"Anti-Sharia" law comes before Florida Senate Judiciary Committee on Tuesday

Posted by Mitch Perry on Mon, Mar 24, 2014 at 11:34 AM

GOP state Senator Alan Hays.
  • GOP state Senator Alan Hays.
One of the bills that will be discussed this Tuesday morning before the Senate Judiciary Committee in Tallahassee is Senator Alan Hays' SB 386: Application of Foreign Law in Certain Cases, aka the "Anti-Sharia" law.

It's the fourth year in a row that Hays has attempted to pass legislation aimed at banning the use of Sharia laws in the court system, and it's being opposed this year by the Florida Family Rights Coalition, comprised of the Anti-Defamation League, the ACLU, the Community Business Association of Florida, and Emerge USA, a grassroots organization focusing on the Muslim, Arab and South Asian American communities.

If passed, the bill would have outlawed the use of “foreign law” in family court cases.
"I would say that the bill’s sponsors themselves and all the lawyers working on this issue have yet to be able to present one issue in our Florida court system where a judge decides to overrule someone’s constitutional rights to apply a foreign law," says Laila Abdelaziz, regional director for Emerge USA. 

The proposal has come extremely close to becoming law during the past two legislative sessions. In 2012, the bill died in the Senate during the last night of session.

Abdelaziz calls the law "a vaccine to an issue that does not exist, frankly, in our court system."

While appearing before the the Civil Justice Subcommittee last week, House sponsor Alan Combee (R-Polk County) admitted when asked by Rep. Jim Waldman, D-Coconut Creek, that aren't any Florida cases that this bill would rectify,

One of the few organizations in Florida supporting the bill is the Florida Family Association, led by Tampa's David Caton, best known for his extremely conservative view — some would call it hateful— on the LGBT community.The proposal has come extremely close to becoming law during the past two legislative sessions. In 2012, the bill died in the Senate during the last night of session.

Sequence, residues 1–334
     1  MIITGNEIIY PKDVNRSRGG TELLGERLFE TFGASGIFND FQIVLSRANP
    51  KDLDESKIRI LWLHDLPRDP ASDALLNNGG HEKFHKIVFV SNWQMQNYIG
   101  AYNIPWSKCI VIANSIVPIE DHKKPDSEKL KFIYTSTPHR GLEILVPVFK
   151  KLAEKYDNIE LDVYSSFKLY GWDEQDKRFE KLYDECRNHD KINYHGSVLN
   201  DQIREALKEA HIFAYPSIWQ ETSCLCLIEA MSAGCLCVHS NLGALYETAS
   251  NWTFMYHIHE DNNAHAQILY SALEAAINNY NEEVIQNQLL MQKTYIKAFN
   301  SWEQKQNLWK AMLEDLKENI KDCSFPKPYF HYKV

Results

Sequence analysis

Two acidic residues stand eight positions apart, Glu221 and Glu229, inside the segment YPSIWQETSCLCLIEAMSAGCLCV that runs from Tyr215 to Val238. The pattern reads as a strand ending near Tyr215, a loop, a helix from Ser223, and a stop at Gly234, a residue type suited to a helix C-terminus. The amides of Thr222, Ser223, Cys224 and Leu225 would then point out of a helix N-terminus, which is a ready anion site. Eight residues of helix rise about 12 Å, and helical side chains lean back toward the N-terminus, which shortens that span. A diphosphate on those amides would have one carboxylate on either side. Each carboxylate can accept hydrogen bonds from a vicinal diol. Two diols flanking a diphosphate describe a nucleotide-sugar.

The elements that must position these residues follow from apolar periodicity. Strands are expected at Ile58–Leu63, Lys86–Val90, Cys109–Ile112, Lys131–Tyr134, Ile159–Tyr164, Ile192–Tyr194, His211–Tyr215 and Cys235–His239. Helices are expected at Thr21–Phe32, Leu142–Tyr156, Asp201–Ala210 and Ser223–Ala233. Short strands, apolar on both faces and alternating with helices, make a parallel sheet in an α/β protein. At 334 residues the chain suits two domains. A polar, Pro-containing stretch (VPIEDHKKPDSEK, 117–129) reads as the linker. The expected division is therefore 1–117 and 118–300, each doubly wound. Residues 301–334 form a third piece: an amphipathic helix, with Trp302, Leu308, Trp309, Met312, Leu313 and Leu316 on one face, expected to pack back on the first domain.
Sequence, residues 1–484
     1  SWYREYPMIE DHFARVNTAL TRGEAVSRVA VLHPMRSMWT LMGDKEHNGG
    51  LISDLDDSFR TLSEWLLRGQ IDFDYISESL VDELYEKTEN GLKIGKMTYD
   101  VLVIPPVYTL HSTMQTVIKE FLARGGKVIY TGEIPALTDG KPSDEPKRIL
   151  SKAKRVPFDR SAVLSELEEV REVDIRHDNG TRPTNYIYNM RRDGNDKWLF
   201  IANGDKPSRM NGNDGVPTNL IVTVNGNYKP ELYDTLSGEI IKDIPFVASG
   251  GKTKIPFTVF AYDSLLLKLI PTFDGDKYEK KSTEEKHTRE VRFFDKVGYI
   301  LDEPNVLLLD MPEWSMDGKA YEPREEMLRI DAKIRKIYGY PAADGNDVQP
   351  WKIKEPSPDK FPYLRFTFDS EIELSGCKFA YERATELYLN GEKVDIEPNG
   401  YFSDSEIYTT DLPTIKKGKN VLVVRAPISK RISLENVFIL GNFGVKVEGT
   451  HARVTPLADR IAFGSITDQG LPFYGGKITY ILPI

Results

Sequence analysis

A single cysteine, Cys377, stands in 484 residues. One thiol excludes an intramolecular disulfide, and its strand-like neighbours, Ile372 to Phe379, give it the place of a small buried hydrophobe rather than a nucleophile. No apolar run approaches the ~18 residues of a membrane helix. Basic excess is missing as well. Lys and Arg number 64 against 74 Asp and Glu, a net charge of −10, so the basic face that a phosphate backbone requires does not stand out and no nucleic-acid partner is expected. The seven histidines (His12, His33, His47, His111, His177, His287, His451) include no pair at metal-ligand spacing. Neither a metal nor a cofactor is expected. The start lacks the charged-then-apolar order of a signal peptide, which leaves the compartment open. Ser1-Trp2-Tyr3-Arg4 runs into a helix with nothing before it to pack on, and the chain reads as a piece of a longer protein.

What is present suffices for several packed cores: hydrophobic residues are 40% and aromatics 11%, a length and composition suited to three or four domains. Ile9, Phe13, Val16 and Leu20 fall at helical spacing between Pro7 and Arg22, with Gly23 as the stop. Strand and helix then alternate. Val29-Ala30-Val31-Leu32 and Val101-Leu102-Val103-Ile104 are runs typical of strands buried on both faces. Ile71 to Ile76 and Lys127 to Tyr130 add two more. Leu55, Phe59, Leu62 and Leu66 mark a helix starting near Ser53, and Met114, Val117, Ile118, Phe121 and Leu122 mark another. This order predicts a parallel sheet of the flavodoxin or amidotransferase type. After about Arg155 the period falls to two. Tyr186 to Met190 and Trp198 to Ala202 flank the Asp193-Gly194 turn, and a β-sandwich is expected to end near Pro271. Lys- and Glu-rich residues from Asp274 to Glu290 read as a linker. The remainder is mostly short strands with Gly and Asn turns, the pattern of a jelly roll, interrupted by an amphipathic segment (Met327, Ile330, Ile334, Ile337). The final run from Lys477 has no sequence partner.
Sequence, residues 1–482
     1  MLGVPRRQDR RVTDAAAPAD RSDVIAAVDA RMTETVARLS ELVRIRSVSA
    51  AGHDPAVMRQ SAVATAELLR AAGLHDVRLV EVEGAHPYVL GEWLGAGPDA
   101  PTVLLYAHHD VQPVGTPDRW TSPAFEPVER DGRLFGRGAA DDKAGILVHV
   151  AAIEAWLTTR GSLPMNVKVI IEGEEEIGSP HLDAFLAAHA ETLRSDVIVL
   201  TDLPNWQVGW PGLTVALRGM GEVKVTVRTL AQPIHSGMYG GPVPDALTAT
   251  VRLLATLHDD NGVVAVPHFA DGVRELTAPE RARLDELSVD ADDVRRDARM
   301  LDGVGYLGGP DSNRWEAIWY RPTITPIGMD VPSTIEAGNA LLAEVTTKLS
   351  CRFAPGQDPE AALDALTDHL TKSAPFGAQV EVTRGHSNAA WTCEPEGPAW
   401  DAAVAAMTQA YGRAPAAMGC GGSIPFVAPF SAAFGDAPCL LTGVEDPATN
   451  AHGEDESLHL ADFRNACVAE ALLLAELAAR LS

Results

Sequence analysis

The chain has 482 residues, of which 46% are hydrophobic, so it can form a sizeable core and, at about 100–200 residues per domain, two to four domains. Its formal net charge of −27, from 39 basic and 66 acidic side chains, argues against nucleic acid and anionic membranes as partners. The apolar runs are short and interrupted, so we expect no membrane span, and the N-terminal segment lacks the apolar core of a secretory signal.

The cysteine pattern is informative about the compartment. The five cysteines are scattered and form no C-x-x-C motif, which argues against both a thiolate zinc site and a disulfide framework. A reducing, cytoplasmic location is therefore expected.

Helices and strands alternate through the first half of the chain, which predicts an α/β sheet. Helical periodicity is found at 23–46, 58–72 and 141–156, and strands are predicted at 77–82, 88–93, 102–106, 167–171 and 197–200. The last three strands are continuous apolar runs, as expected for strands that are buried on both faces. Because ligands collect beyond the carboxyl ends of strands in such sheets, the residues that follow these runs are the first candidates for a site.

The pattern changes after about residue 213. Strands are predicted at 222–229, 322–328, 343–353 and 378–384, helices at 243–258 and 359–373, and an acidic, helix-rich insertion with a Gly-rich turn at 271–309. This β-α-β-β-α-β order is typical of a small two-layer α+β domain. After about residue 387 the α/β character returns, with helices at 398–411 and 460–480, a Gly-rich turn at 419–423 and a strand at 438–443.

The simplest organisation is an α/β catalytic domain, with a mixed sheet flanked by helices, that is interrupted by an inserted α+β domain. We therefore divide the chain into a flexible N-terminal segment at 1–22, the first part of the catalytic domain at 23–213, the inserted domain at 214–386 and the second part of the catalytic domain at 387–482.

Opponents say the bill is a piece of model legislation drawn up by noted anti-Muslim activist David Yerushalmi. Similar legislation has been enacted into law in several states, including Louisiana, Tennessee, Arizona, Kansas, North Carolina, South Dakota and Oklahoma. In the Sooner state, however, a Federal Judge struck down the law, saying it violated the First Amendment's Establishment Clause.

Comments (3)

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NO courts should be influenced by foreign law. Their only legal jurisdiction is U.S. Constitution, Amendments, state constitution, local ordinances. Any judge deciding on any other basis must be removed from office by election or law enforcement.

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Posted by Lou Starr on 03/25/2014 at 12:18 PM

No courts SHOULD be influenced by it, doesn't mean they won't be. Especially when our judges are more and more liberal. Take the judge in MA that said Justine Pelletier shouldn't be with her parents. His hostile response is an indication that many judges aren't using good judgment.

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Posted by Sarah Killeen Poulin on 03/26/2014 at 10:17 AM

Mr. Starr, there is confusion on this. There are at least two issues to consider here. One is whether religious "law" of any kind should be applied by American courts. The other is whether the court should ever apply foreign law - that is, the laws of other nations.

The Constitution forbids courts from applying religious law. It is unnecessary for any state to outlaw this, because the Constitutional law on this, which applies to state courts, already prevents it. For instance, if a court is asked to decide whether food labeled under religious laws meets the standards under those religious laws, the court is forbidden to make that decision. Or if a court is asked to decide whether child custody or property disputes are being handled in accord with religious law, the court cannot make those decisions. Where an odd court has strayed into religious decision-making, they have been over-ruled by higher courts.

Foreign law is a different matter. In order to apply American law to some situations, like marriage and divorce and child custody, and in order to decide some other issues, like whether a person is a citizen of another country, American courts must know a person's status as decided under foreign law. It would be crazy for American courts to refuse to recognize marriage or citizenship status in someone's country of origin. That would mean, for example, that a person residing in the U.S. who was married under the law of a foreign nation would have to get remarried here in order to be legally considered married. Someone with child custody from a divorce settlement in another country would have no legal right to custody of their own children. And if a person is a citizen of another country, but no citizenship status under another country's laws is recognized, how does this country apply immigration quotas and treaties?

So it is necessary to apply foreign law, and it is already forbidden to apply Shariah law. The fact that Mr. Hays and other state legislator don't even understand the difference between the two, and don't understand what court are constitutionally required to do, makes them especially bad at proposing laws on these matters.

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Posted by jfhickey on 03/26/2014 at 10:38 AM
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